As most of you know, I’m not the only blogger who discusses the mysterious disappearance of former Centre County Ray Gricar. One who has done a series on it is Slamdunk.
Slamdunk is a former police officer and has a master’s degree in the criminal justice field. His blog is great, and covers other things than crime and policing. There is a hyperlink to his excellent blog on the right. I respect him, but I don’t always agree with him.
Sign Up and Save
Get six months of free digital access to the Centre Daily Times
There is a little daylight between our positions. For example, he thinks there is a 49% chance Mr. Gricar walked away while I give it a 50% chance. That is not exactly a lot of daylight, but we don’t march in lockstep.
Just over a fortnight ago, Slamdunk, wrote about the Southfield sighting.1 I’m glad he did, because it gives the sighting more coverage. That is good for two reasons.
First, someone might happen across the blog that was in Southfield that day that remembers seeing Mr. Gricar. The might be able to add independent confirmation that, yes, this was Ray Gricar. Conversely, someone could read the entry and realize that he was in Southfield that day with his 70 year old Aunt Sally, at a restaurant. He might realize that he bears a strong resemblance to Mr. Gricar and someone came up to him and said hello while at the restaurant. In short, it might help confirm or disprove this sighting.
Slamdunk went on to make an observation:
The more credible witnesses that authorities have documented in the case file, the more likely it is that Ray Gricar left his life in Pennsylvania voluntarily.
Does it eliminate the other explanations for Gricar's disappearance like crime or suicide victim?
Certainly not, but an unmarried man nearing retirement, with an adult child who lives in another state, and who seemingly had lots of ends tied-up prior to vanishing, could have fled PA to start fresh somewhere else using a different identity.
I generally agree with that statement, and completely agree in the context of the Southfield sighting. To me, if there were ten more undisclosed witnesses that put Mr. Gricar in Lewisburg on 4/15/05, it wouldn’t support the theory that Mr. Gricar walked away. It would be additional evidence that Mr. Gricar was in Lewisburg, but even those sightings would not prove anything beyond that. He very easily could have been murdered or to have committed suicide after 6:00 PM.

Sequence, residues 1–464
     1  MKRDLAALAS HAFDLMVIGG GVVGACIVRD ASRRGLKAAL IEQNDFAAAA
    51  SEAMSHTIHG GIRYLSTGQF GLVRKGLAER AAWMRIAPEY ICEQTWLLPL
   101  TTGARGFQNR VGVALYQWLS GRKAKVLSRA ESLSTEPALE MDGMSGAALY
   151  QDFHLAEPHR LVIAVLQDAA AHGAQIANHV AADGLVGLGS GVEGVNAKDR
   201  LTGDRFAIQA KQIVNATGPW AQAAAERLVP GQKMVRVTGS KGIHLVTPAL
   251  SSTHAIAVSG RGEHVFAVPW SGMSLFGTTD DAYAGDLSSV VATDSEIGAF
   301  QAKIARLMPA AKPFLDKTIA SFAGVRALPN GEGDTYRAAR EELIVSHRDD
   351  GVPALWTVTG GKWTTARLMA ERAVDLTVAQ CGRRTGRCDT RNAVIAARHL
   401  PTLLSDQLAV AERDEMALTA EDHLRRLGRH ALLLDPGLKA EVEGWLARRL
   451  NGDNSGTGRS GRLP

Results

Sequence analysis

The Southfield witnesses, individually, are very good. The main one is a retired Detroit police officer who was also composite sketch artist. He had prolonged contact with the man he identified as Mr. Gricar. His daughter, who was with him, agreed that it was Mr. Gricar. Slamdunk noted these things and linked to my first entry on the sighting. He concluded, with:
I still view Gricar being the victim of a crime as a reasonable possibility, but in my opinion, any of the latest information released about Gricar's disappearance, has only further supported theories that he is alive and chose to leave.
I noted some problems with the sighting, as noted in that entry. The retired officer looked up Mr. Gricar’s photo online and discussed the sighting with his daughter, the second witness; the corroboration was not independent. I noted the relative strength in the entry after the description of the Southfield sighting.2 Yes, it was strong enough to raise the likelihood of voluntary departure from 48% to 50%, but it was not hugely strong, not a (and you knew this was coming) a slam dunk. Actually, even Slamdunk didn’t call it was exceedingly strong either; foul play was still a “reasonable possibility.” He didn’t even adjust his odds on anything.
What interested, frankly stunned, me were the remarks of some of the people commenting on the entry. Here are a few, all from different posters:
“I'm with you....the guy started a new life.”
“My opinion is he's alive and well.”
“I think he left on his own free will.”
“We may never know until we find a body...dead or alive.”
“Sounds most likely that he walked away from his life to start a new one that is if the sightings were indeed him.”
“The fact that the one witness was a composite artist is what has me sold that this man just walked away.”
Most of the comments, at the time of me writing this blog, were like these, almost uniform support for the theory that Mr. Gricar “just walked away.” The commenter that disagreed talked about Lewisburg. The rest of the readers were “sold.”
Well, I’m not sold; neither is Slamdunk, from his odds. Color me skeptical, but I am aware that witnesses can make mistakes, even credible ones.
When looking at witnesses, I look at a number of things. This Southfield sighting has some of those things, but certainly not everything. If it did (and there could be more undiscovered or unreleased details) I would not be giving the theory that Mr. Gricar’s departure was voluntary a 50% likelihood; I’d be giving it a close to 100% likelihood. I would also say that both victim of foul play and suicide had a 0% likelihood.
The Southfield sighting, while solid, strong, and “credible” in the words of the police, is not absolute. In Slamdunk’s words the Southfield sighting, “has only further supported theories that he is alive and chose to leave.” It has supported the theory that Mr. Gricar walked away, but neither he nor I have claimed it proves that Mr. Gricar did walk away. I’m very much surprised at the reaction of many of the commentators.
E-mail J. J. in Phila at firstname.lastname@example.org